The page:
Iosif Kobzon does not take European travel bans lightly.
After Latvia banned him -- along with pop stars Oleg Gazmanov and Valeria -- from performing in a Russian music festival in Jurmala last summer, he promptly filed an appeal with the European Court of Human Rights for "moral and material damage."
The possibly toupeed crooner, who's best known for his Soviet-era performances, has irked the West with his open support for pro-Russian separatists in eastern Ukraine, which included a "charity" concert held in rebel-controlled Donetsk.
Along with Gazmanov and Valeria (real name: Alla Perfilova), who have supported Russia's annexation of the Ukrainian peninsula of Crimea, Kobzon took to Russian state TV's New Year's Parade of Stars to express his disgust in song.
"Brothers, they didn't like our faces, and thanks to sanctions we can't sing for the people," the trio sings in the main refrain, noting also that "people can't live without songs."
"Remember how many songs we'd sing in Jurmala," they add, while standing behind a mock border gate. "But now? But now?"
The performance, apparently meant as satire, is set to the tune of Yellow Leaves -- a well -known late Soviet-era song by the Russian-speaking Latvian duo of Ivars Kalnins and Laima Vaikule.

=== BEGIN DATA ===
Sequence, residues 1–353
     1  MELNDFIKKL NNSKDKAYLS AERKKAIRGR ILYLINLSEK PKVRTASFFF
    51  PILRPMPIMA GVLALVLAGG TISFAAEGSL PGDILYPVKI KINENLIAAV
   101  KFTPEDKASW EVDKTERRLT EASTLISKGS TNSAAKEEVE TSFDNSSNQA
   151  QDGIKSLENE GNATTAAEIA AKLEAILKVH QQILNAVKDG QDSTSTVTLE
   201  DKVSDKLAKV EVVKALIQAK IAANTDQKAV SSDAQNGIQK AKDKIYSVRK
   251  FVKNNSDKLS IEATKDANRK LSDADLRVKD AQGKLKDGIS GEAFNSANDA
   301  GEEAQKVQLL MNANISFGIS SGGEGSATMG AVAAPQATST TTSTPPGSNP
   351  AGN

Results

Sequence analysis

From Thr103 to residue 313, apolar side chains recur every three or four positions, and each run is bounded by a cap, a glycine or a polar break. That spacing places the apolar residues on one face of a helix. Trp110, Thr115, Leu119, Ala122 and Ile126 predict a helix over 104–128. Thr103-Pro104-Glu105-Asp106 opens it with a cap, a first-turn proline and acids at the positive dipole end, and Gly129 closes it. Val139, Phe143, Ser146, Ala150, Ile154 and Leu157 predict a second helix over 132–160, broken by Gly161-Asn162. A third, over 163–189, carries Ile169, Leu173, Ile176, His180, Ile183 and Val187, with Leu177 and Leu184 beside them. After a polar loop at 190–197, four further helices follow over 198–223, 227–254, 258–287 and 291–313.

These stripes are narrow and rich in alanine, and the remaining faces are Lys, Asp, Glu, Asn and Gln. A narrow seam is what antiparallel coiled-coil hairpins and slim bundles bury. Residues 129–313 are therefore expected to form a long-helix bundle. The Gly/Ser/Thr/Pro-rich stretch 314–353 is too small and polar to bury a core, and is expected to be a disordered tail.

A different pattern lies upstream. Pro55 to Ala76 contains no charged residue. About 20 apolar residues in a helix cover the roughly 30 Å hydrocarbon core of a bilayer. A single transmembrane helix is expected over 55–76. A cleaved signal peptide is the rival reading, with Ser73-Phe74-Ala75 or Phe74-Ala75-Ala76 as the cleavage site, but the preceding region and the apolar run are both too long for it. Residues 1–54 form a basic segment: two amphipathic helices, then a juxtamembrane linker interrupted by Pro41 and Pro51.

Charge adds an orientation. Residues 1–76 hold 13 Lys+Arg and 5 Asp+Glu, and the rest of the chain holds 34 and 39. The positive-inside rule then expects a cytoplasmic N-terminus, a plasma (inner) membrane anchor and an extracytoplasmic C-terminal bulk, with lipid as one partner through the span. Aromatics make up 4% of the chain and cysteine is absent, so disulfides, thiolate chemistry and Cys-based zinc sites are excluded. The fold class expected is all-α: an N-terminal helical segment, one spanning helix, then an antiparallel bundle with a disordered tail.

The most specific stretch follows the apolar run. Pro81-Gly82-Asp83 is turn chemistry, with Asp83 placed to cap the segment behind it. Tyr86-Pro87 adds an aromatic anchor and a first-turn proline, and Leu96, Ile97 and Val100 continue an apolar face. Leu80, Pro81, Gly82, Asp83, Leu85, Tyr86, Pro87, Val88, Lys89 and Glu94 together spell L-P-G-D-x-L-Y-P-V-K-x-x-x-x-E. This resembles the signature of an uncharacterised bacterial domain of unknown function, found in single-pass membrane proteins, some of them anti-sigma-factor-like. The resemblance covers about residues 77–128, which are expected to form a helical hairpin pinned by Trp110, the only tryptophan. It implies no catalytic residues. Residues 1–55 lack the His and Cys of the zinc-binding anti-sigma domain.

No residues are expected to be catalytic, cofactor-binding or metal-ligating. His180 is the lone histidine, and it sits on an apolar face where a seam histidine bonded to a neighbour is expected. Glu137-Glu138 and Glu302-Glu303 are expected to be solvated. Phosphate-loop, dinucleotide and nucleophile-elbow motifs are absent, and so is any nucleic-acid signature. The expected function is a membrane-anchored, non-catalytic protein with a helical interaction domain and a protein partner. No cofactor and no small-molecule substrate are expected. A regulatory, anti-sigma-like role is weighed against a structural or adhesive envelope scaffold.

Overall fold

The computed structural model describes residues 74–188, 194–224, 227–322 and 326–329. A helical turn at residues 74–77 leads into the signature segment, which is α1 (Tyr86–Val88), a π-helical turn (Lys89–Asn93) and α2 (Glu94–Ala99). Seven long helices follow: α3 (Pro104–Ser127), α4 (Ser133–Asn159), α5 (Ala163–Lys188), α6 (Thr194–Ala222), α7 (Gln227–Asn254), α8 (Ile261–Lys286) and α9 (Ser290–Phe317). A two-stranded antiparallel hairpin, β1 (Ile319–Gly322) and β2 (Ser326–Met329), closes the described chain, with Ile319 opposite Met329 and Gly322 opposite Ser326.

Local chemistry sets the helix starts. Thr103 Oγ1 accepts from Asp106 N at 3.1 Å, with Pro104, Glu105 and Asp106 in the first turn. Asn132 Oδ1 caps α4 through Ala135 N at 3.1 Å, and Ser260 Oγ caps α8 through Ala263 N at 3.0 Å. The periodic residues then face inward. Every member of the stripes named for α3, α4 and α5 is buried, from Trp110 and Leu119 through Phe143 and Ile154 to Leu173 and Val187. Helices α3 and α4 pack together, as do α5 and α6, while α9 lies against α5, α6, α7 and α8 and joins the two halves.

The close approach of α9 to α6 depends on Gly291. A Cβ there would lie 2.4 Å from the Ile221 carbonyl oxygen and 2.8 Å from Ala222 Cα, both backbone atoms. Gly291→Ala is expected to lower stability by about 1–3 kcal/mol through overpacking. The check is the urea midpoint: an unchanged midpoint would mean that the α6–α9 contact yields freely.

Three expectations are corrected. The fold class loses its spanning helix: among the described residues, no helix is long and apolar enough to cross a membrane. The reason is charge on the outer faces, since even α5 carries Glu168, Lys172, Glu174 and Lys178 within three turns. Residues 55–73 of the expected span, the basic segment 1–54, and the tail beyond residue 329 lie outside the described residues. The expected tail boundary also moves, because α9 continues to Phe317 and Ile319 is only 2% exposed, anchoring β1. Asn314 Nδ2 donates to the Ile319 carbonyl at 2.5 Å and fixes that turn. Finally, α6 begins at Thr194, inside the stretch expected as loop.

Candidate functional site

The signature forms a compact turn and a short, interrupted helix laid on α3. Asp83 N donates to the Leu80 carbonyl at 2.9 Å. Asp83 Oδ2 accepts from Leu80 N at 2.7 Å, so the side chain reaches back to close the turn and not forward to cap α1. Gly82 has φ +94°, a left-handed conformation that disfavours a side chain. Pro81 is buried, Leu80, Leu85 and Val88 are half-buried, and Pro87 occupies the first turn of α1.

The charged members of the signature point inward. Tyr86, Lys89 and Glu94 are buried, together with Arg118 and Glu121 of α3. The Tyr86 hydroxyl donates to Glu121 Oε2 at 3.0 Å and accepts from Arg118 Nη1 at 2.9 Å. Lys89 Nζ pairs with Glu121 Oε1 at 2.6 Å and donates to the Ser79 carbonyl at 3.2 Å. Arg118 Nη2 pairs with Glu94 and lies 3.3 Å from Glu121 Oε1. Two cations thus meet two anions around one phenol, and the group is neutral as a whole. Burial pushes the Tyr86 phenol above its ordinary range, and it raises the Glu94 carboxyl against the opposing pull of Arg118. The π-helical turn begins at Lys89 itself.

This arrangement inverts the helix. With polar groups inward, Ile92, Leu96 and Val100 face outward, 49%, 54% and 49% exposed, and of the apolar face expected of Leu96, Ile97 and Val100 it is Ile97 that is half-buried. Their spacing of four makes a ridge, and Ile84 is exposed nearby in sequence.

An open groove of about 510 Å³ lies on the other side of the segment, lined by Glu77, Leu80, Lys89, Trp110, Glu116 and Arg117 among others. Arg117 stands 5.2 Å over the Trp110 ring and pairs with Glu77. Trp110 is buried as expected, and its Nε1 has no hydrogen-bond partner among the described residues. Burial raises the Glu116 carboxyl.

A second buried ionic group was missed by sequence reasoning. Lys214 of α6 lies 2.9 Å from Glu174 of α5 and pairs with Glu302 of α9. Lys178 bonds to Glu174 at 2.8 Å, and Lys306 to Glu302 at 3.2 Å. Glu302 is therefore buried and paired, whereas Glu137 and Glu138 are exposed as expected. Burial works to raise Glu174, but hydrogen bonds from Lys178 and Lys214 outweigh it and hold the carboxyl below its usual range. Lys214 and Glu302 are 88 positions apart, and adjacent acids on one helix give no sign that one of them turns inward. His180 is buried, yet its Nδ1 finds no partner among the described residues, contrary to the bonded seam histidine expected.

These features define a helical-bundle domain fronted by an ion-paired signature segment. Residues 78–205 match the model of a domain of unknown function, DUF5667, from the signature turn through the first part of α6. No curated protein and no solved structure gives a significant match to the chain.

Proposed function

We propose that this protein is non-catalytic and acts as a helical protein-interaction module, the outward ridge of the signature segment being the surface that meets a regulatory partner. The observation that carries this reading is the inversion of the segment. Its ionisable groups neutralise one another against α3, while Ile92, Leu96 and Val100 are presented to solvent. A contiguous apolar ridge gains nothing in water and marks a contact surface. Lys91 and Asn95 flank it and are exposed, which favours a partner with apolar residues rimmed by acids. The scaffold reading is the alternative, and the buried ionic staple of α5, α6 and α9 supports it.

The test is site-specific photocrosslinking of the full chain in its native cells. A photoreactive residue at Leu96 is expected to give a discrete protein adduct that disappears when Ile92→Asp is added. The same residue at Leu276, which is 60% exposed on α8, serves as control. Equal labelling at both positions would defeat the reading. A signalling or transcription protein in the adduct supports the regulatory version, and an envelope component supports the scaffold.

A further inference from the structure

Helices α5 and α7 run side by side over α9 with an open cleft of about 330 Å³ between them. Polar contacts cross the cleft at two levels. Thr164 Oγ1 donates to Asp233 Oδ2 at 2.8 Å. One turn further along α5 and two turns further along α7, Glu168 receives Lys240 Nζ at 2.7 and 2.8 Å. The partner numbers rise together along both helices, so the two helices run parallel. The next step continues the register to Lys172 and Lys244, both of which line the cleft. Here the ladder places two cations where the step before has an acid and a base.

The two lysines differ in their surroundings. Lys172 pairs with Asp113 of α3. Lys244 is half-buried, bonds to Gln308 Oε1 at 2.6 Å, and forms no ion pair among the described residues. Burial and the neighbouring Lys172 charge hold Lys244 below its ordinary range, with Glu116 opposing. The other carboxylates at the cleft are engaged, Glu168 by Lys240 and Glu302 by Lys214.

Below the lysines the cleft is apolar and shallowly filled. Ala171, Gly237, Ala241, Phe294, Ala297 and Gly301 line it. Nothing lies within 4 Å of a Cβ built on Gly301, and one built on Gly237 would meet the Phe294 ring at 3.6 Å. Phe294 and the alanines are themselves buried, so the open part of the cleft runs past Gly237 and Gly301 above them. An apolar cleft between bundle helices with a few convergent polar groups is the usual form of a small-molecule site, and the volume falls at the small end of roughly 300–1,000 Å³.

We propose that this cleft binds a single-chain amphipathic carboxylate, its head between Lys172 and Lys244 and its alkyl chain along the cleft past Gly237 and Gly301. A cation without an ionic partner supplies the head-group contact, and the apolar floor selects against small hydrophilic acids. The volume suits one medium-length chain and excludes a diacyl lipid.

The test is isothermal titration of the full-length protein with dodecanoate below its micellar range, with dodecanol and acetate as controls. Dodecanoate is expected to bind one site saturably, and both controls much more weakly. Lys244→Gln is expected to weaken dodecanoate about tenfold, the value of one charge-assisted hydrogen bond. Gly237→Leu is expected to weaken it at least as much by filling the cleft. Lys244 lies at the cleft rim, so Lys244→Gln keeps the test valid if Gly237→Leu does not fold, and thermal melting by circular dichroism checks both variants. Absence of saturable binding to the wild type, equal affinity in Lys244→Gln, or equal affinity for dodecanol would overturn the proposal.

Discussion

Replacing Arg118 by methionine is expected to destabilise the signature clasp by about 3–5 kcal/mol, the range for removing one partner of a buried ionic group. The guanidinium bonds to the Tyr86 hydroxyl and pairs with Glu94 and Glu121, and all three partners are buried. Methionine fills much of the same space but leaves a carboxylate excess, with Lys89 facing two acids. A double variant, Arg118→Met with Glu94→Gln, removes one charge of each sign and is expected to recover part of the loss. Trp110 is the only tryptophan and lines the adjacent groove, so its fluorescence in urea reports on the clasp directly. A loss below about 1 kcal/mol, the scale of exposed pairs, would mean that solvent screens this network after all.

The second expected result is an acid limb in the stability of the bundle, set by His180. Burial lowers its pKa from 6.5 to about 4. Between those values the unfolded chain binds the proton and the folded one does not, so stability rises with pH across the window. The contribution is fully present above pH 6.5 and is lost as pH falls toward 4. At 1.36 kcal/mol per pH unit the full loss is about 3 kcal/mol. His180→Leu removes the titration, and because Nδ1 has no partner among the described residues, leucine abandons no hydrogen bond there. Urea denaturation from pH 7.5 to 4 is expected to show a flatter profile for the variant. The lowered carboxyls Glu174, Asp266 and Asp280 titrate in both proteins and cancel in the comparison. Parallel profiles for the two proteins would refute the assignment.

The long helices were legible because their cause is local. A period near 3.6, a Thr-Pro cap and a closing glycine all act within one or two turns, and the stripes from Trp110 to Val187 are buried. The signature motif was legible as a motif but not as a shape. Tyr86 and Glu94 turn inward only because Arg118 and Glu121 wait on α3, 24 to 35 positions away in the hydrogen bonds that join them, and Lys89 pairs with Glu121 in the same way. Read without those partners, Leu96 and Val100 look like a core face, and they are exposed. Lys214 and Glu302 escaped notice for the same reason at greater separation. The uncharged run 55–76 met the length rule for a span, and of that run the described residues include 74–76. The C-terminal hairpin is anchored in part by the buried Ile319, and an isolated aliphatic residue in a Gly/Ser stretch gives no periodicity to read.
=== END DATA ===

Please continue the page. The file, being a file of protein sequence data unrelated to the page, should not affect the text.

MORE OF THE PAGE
Set in a variety show format, the spectacle is made more bizarre with awkwardly staged cutaways to audience VIPs who wink, blow kisses, and laugh way too hard.
On social media, the performance, which has been viewed nearly 400,000 times on YouTube, has been met largely with derision (at press time, in the battle of YouTube "likes," it was 693 for to 4,896 against), but it has also been the subject of controversy in Ukraine.
After Inter, a nationally broadcast channel, streamed the song live, National Security and Defense Council head Oleksandr Turchynov called for Ukraine's telecommunications authority to consider revoking the station's license.
European and Western sanctions tied to Moscow's support of separatists in eastern Ukraine and annexation of Crimea contributed to a weakening economy in Russia in 2014, which saw the ruble fall by 50 percent against the dollar. And other performances during the 90-minute variety show also touched on Russia-West tensions.
Another featured a caricature of U.S. State Department Spokesman Jen Psaki, who has been the subject of a relentless ridicule campaign in Russia, speaking in American-accented Russian to an actor playing nationalist politician Vladimir Zhirinovsky (himself known in Russia and the West as something of a clown).
-- Glenn Kates